Sarasota County Commissioner Nora Patterson has represented the district, which includes Siesta Key, for almost 15 years — she’s no novice when it comes to noise complaints stemming from the Siesta Village nightlife. But, after receiving about five complaints in the last two weeks, she says it’s time to revisit the classic complaint.
“They were well thought-out,” Patterson said about the messages. “They weren’t frivolous at all.”
The Sarasota County Commission began discussing solutions last month, when Patterson said she would consider adding code-enforcement officers for periodic decibel assessments. However, she told the Pelican Press Tuesday she’s still concerned about budgetary limitations that make increasing enforcement efforts through staff expansion improbable. In April, the commissioners said they planned to study the efficacy of noise ordinances from other towns.
Jon Thaxton, the Sarasota County commissioner representing District 5, brought noise ordinances from Indian Rocks Beach to the attention of commissioners as an example of a comparable community’s solution. These restrictions are more complicated than what Sarasota County has in place and require a 90-day provisional permitting process and one-year time limit for permits issued for commercial entertainment. Under Indian Rocks’ ordinances, provisional permits and annual renewals cost $100; reapplication, after a permit is revoked, costs an establishment $500.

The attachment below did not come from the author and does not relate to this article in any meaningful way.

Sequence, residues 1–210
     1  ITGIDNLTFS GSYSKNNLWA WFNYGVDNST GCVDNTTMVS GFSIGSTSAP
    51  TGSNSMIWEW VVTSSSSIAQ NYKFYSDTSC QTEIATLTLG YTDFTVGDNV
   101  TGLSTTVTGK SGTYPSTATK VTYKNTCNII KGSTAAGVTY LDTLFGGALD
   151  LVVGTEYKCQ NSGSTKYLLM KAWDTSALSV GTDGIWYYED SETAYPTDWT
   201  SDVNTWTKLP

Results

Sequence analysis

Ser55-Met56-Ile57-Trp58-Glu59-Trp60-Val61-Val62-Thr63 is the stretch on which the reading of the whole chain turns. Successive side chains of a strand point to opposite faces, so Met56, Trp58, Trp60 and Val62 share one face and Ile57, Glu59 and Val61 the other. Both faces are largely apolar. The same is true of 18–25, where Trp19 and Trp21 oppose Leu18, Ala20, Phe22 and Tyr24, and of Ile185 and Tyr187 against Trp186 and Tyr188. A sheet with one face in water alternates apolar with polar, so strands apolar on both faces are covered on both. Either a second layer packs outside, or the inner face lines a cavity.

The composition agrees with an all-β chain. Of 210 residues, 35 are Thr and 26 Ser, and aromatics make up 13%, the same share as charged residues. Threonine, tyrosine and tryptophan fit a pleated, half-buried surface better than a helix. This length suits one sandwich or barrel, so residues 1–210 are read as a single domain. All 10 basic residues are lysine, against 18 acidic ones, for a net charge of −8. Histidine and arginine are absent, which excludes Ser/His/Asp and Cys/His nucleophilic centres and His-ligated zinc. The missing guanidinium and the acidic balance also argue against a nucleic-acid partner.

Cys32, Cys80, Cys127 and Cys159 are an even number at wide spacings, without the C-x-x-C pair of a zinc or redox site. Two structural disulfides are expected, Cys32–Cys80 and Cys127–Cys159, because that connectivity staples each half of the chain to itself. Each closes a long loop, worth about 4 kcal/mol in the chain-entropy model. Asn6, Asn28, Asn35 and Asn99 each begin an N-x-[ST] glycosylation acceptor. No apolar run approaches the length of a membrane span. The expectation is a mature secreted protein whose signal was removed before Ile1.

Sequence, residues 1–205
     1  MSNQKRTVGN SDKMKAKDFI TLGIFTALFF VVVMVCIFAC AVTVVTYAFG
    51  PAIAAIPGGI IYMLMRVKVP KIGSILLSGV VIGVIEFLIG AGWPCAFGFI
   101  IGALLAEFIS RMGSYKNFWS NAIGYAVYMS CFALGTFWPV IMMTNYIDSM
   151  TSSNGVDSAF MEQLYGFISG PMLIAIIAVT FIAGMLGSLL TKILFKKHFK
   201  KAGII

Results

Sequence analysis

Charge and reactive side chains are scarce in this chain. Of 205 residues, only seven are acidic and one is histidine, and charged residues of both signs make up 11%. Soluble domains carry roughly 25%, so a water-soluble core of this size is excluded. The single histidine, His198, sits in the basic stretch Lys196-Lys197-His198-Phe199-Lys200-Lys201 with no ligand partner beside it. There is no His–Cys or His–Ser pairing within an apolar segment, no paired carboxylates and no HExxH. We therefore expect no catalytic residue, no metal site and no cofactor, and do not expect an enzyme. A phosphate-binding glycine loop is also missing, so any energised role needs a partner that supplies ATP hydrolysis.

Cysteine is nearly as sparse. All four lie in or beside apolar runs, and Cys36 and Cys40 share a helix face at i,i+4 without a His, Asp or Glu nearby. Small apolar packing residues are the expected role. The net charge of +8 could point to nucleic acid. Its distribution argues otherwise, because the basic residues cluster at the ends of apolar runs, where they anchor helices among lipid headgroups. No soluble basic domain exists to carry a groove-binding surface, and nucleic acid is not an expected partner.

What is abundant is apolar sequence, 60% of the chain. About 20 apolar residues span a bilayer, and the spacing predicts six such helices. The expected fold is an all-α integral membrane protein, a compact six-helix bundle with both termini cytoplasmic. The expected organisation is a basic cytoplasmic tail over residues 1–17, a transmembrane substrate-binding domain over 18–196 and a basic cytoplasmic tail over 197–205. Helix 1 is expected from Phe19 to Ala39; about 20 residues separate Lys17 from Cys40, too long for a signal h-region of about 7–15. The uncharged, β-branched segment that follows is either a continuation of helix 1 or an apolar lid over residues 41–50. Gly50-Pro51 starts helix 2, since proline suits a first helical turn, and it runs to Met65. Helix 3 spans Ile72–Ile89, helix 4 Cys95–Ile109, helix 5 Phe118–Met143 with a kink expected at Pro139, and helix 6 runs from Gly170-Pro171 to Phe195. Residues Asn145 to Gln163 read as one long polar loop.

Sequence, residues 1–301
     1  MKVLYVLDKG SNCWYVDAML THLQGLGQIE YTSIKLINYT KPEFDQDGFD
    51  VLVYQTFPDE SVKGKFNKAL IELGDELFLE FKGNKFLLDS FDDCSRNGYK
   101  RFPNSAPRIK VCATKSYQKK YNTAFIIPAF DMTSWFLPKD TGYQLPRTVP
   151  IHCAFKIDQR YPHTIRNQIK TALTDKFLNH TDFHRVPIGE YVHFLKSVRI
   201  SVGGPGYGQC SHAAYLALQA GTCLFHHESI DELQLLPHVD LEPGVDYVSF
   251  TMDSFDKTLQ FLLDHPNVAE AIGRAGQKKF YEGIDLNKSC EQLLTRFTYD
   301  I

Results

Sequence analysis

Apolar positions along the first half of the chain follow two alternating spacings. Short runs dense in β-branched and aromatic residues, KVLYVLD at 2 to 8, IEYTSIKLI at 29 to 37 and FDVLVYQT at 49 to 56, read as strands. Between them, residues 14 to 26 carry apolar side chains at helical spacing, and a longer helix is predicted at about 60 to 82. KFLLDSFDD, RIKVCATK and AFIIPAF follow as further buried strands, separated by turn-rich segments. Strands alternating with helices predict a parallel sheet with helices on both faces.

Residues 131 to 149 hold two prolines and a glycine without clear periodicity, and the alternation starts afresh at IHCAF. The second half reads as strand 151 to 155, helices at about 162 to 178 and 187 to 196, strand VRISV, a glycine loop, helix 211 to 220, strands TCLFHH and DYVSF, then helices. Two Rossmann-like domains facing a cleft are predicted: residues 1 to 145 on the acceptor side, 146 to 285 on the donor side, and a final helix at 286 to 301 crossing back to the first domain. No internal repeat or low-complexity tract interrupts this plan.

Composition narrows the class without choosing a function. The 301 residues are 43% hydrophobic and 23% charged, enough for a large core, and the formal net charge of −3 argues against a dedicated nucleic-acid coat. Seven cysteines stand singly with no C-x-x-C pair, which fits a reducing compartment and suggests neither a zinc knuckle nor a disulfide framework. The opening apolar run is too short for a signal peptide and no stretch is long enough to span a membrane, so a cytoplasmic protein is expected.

Patterson said she understands merchants would want to improve enforcement of current laws rather than implement draconian restrictions. At the Tuesday, May 1 meeting of the Siesta Key Village Association, President Russell Matthes implored merchants who are active at night to follow the mandated ordinance levels and timeframes.
Sgt. Scott Osborne, representing the Sarasota County Sheriff’s Office, told members of SKVA that the busy tourist season has contributed to problems. He also said that there has been some personnel turnover at the Sheriff’s Office.
“We’re working with some of the new guys on enforcement,” he said.
Kevin Cooper, executive director of the Siesta Key Chamber of Commerce, echoed Osborne’s message in a recent interview with the Pelican Press. The data he gathers to measure tourism shows that bed taxes collected in February are almost double what they were for the same period in 2011 — and because this data lags nearly a fiscal quarter, numbers could continue to swell.
“It’s also cyclical,” he said. “These issues come up every three or four years.” Matthes concurred, saying new tenants, who may not know the zoning ordinances well, can trigger complaints — putting the whole Village in jeopardy.
Regardless of the cause, Cooper agrees that new codes are unnecessary.
“When I try to find a solution to a problem, I make sure to solve the actual problem,” he said. “The rules aren’t the problem. The enforcement is the problem.”